Nutrition: What is a Plant Forward Diet?

Plant Forward is defined as the movement towards including more plant-based foods and fewer animal ones in your everyday eating. For some that may mean going 100% plant-based with no animal products and for others it could be simply incorporating more plant foods like vegetables or whole grains at every meal.

Why should you go to “Plant Forward”? Nutrition and health are closely related.  About half of all American adults—117 million individuals—have one or more preventable chronic diseases, many of which are related to poor quality eating patterns and physical inactivity. These include cardiovascular disease, high blood pressure, type 2 diabetes, some cancers, and poor bone health.

There are plenty of ways of eating plant-forward which include the following:

Plant-Based/ Vegan Diet: Consumes no animal products including dairy, meat, chicken, fish, and eggs

Lacto-Vegetarian: Consumes dairy and avoids fish, eggs, and meat

Ovo-Vegetarian: Consumes eggs and avoids dairy, fish, and meat

Pescatarian: Consumes fish and seafood and sometimes includes eggs and dairy as well but avoids meat

Semi-vegetarian/ Flexitarian: Prioritizes on vegetable-based foods but still consumes meat in moderation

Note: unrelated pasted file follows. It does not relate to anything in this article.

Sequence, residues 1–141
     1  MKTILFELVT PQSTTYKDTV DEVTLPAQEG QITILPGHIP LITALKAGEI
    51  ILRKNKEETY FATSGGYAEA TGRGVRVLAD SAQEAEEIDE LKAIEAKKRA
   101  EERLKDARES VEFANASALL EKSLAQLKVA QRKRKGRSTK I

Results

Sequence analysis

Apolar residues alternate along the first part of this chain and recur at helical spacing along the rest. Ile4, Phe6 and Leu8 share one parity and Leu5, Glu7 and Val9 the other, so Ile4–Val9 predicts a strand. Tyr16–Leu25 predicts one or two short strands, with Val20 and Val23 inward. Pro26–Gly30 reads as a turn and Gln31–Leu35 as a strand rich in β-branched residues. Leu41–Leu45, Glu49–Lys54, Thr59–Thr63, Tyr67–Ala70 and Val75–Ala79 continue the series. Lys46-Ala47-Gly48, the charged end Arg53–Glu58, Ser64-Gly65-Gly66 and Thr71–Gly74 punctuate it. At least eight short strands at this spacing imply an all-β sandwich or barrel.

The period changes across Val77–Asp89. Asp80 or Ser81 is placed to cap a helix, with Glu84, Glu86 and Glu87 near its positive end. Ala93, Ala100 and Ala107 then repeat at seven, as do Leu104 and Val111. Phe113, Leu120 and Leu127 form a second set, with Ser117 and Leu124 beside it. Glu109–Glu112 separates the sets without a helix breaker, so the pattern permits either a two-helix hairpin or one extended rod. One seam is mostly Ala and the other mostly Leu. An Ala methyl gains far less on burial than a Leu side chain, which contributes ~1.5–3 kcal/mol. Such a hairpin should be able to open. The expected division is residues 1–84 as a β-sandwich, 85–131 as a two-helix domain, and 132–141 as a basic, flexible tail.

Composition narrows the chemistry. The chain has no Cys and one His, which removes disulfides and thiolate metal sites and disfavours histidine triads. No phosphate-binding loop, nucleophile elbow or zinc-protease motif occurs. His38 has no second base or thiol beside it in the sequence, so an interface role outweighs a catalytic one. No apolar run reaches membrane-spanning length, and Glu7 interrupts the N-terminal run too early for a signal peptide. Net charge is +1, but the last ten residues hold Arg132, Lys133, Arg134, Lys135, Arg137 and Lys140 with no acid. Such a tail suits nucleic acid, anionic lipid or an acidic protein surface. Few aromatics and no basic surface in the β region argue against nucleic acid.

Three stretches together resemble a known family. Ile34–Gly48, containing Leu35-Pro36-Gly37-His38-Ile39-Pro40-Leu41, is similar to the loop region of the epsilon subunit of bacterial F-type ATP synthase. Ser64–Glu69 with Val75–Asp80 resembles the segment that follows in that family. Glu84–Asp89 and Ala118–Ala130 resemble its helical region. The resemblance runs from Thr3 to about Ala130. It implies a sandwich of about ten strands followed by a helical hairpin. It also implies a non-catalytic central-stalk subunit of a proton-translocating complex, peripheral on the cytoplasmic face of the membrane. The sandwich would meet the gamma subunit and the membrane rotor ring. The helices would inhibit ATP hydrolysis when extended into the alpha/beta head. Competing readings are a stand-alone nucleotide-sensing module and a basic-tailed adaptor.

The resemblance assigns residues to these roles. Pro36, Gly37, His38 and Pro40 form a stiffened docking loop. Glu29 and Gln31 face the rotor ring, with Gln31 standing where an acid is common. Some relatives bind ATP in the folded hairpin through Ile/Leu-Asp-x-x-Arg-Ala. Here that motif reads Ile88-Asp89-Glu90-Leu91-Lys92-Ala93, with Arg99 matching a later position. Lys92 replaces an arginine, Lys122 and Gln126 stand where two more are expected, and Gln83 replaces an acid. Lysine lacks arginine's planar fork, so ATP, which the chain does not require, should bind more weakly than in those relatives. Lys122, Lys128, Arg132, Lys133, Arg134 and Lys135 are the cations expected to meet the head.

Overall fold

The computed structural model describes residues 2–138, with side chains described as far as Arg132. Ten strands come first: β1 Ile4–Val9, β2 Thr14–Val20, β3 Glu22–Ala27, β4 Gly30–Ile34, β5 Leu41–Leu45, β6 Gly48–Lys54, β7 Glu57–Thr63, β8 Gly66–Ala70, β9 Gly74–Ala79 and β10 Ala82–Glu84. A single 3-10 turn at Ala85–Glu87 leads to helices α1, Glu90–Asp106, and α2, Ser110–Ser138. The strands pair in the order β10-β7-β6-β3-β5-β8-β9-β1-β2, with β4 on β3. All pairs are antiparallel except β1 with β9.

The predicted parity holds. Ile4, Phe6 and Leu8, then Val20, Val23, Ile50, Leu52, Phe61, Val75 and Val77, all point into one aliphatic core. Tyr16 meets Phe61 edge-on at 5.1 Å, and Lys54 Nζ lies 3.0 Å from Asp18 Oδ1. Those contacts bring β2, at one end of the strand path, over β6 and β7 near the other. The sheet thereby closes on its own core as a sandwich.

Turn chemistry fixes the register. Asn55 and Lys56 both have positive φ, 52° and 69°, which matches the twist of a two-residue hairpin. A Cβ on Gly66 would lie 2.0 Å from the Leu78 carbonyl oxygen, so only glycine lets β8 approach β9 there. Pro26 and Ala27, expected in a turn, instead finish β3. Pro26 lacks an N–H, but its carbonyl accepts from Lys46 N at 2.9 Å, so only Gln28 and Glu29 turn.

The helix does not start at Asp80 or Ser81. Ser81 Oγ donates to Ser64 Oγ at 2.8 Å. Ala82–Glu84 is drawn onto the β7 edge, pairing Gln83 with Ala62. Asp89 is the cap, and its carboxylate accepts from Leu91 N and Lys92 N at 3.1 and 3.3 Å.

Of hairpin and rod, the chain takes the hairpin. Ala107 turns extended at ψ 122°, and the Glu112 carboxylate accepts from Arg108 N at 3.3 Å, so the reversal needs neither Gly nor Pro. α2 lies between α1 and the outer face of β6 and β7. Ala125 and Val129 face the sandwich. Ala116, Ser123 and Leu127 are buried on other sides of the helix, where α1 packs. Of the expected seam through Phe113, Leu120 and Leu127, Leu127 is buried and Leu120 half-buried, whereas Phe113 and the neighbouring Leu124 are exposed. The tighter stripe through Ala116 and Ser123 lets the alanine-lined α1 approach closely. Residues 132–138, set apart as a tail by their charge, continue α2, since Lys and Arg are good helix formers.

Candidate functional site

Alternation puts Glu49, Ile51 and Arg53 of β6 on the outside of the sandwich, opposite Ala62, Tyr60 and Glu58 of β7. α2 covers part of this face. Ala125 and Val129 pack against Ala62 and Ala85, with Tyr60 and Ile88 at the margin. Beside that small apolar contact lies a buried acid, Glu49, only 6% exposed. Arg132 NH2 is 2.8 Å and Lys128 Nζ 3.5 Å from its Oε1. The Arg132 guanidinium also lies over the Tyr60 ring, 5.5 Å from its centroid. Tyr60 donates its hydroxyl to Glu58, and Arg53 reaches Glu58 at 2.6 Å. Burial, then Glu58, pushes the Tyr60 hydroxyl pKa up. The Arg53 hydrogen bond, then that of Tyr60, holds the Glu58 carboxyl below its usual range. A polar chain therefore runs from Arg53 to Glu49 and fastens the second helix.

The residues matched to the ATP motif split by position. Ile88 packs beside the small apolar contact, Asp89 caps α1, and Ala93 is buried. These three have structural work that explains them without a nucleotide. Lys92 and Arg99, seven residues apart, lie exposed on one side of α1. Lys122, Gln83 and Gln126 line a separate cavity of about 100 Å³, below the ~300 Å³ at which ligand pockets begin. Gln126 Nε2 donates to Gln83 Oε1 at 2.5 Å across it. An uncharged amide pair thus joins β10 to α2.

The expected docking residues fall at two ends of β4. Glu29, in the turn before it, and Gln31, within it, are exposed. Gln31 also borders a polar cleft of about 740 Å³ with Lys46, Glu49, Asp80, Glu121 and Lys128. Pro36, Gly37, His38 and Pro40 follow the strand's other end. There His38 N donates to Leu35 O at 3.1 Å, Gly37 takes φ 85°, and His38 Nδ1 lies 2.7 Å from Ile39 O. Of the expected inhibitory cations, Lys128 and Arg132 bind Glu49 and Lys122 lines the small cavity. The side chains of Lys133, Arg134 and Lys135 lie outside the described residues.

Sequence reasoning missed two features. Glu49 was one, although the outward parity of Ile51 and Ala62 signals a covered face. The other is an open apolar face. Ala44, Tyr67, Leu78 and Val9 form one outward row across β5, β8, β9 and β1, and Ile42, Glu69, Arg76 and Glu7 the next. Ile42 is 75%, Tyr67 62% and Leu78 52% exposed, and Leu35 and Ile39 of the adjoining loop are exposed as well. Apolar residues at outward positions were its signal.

Transition in a way that will create lasting habits. This may mean for some take baby steps and for others going all in. When eating out, international restaurants usually have more vegetarian meal options than your classic American spots. Try to incorporate Meatless Mondays (or any day of the week) or one meal a day that is meatless. You can also try looking at what you currently eat week to week and create a “plant slant”.

Plant Slant: Step 1

Think of vegetarian meals you already enjoy. This can include salads, a burrito with beans, rice, and peppers, pasta with tomato sauce, cereal with fruit, and vegetable stir fry. Those would be meals that you can keep on your plant slant menu.

Plant Slant: Step 2

Think of meals that you prepare regularly that you can be adapted onto a vegetarian menu. Examples include replacing the meat in chili with beans, trying hummus wraps instead of deli meat sandwiches, swapping meat marinara with lentils, or even try bean burgers.

Plant Slant: Step 3

Check out some cookbooks at the store or websites and get creative. You do not have to be a culinary wiz to whip up a good dish. Some food vegetarian cookbooks include Forks Over Knives, Oh She Glows, Plant Pure Nation, or How Not to Die Cookbook.

In conclusion, a plant-forward diet can help with longevity and living a long, healthy life. It is never an all-or-nothing approach when it comes to eating healthier. Even the smallest changes are steps in the right direction in creating a long-lasting, healthy lifestyle.


As most of our advice on Nutrition, balance is key. Getting a whole wide range of nutrients and energy from whole food sources is the secret to maintaining a good balance in terms of hormones. For more advice, or to speak with a registered dietitian at Home Base please visit www.homebase.org/nutrition or call our clinic at 617-724-5202.